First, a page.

6 Things You May Not Know About the Three Caballeros

1) Walt Disney’s South American Visit

The origins of The Three Caballeros go back to the outbreak of World War II, which shut down Disney’s European market, resulting in a great loss of revenue. At the same time, Walt Disney was asked by the U.S. government to undertake a goodwill tour of South America. He saw this as an opportunity to focus on artistic research, specifically to learn about South American culture and to reflect that in his subsequent productions. The trip resulted in the production of two feature-length package films, Saludos Amigos and The Three Caballeros.
The Three Caballeros was released in the United States on February 3, 1945. The film stars Donald Duck, who is joined by his old friend José Carioca from Brazil (who audiences first saw in Saludos Amigos). The pair would soon befriend a pistol-packing rooster from Mexico named Panchito Pistoles. (So yes, that means in EPCOT’s Gran Fiesta Tour, only one of the characters is actually from Mexico!)



2) A Grand Finale for a Gran Fiesta

Speaking of the Gran Fiesta Tour, fans of the original version of the attraction will recall the animated sequence of Donald, José, and Panchito performing their signature song on the stage in the final scene. On December 4, 2015, the animation was replaced by Animatronic figures of the Three Caballeros, much to everyone’s delight. But where did they come from? Were they specially made for the attraction? Alas, no. It turns out that the figures were repurposed from the old Mickey Mouse Revue show that once took place in the Magic Kingdom (home now to Mickey’s PhilharMagic, where Donald finds himself in even more trouble…but that’s a tale for another time).



3) Happy Birthday Donald!

According to the lyrics of “The Three Caballeros,” Donald Duck’s birthday is Friday the 13th (though the song doesn’t say which month):
“The Three Caballeros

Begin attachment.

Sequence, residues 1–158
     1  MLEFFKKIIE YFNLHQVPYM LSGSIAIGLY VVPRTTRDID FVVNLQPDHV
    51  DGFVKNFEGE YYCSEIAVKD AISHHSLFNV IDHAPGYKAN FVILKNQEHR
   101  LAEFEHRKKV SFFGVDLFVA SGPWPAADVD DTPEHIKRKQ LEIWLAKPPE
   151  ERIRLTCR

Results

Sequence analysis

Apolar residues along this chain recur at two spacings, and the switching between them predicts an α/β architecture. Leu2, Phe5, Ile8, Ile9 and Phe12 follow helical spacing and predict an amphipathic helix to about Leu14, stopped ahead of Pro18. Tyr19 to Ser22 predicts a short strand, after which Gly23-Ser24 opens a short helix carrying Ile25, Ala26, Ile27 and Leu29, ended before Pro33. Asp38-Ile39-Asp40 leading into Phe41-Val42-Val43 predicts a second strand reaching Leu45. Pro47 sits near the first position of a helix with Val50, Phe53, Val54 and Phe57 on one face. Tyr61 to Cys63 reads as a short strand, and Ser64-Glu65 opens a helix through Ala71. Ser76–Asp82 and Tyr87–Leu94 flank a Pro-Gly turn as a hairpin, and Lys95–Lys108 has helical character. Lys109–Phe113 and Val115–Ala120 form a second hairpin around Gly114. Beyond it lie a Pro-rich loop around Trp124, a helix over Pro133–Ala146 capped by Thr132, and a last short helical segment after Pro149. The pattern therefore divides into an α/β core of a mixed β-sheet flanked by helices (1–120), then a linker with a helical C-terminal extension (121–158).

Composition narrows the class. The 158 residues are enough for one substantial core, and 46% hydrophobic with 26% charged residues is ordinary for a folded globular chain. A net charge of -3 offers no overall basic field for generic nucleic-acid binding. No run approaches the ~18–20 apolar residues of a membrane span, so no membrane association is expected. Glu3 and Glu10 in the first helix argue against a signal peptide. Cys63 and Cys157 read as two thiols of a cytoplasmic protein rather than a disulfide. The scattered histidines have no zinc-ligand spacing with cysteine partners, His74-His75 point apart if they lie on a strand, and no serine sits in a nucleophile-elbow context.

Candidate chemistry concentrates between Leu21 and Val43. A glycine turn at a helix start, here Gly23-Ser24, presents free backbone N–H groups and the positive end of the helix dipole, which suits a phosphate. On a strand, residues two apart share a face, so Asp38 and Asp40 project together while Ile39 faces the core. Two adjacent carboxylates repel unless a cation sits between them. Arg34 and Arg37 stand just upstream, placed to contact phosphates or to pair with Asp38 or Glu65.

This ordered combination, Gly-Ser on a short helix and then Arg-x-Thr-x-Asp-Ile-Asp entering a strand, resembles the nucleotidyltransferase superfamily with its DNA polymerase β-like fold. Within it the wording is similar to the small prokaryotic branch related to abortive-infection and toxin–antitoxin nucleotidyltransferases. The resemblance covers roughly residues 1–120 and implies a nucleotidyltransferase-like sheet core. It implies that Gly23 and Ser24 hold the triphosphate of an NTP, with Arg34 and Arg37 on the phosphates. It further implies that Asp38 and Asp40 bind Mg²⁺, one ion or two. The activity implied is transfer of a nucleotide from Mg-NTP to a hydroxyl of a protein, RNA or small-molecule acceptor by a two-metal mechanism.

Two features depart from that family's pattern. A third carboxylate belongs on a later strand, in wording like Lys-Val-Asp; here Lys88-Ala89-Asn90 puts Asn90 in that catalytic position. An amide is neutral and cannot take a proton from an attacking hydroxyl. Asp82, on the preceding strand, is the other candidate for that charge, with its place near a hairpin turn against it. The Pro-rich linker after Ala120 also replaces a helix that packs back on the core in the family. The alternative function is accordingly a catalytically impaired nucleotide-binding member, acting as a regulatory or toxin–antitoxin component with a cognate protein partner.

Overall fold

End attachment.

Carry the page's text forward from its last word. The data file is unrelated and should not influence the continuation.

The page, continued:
Forever we’ll stay, Oh!
Felicitations to Donald Duck…
on his birthday, Friday the 13th
from his friends in Latin America.”



4) Let’s Try That Again

However, Donald Duck fans will immediately notice something is wrong here. Donald’s birthday is officially June 9, signifying the day that Donald made his first on-screen appearance in the 1934 short The Wise Little Hen. Why the difference? Maybe he just had some bad luck on his South American adventures.



5) Panchito and…Clara?

Panchito made his first appearance in a self-titled comic released in 1943, in which he met and fell for Clara Cluck. He lives in Mexico and rides on a horse called Señor Martinez. In 1944, Panchito starred in a year-long Silly Symphony Sunday comic strip series.



6) Hope You Brought a Big Autograph Book

Be careful when you ask for his autograph! According to the comics, Panchito’s full name is Panchito Romero Miguel Junipero Francisco Quintero González III. Thankfully for Donald and José, Panchito never introduces himself that way, and indeed, his full name is never spoken throughout the film. In fact, he is only identified as Panchito in the opening credits. But at least we now know his proper name, right? Well, not so fast; that’s actually not part of his name! What happened? For the answer, we need to go to the House of Mouse song “My Name is Panchito.” There was a misconception that Panchito said “the third” at the end of his name during the last part of the song. What he actually said, though, was, “That’s me!” which he uttered immediately after singing his full name. To many people, it sure sounded like “The third!” and the slip was carried over to both Mickey Mouse Mixed-Up Adventures and Legend of the Three Caballeros over a decade later.


You can find even more fun facts about The Three Caballeros in the Spring issue of Celebrations Magazine! Find out more and subscribe by clicking here!

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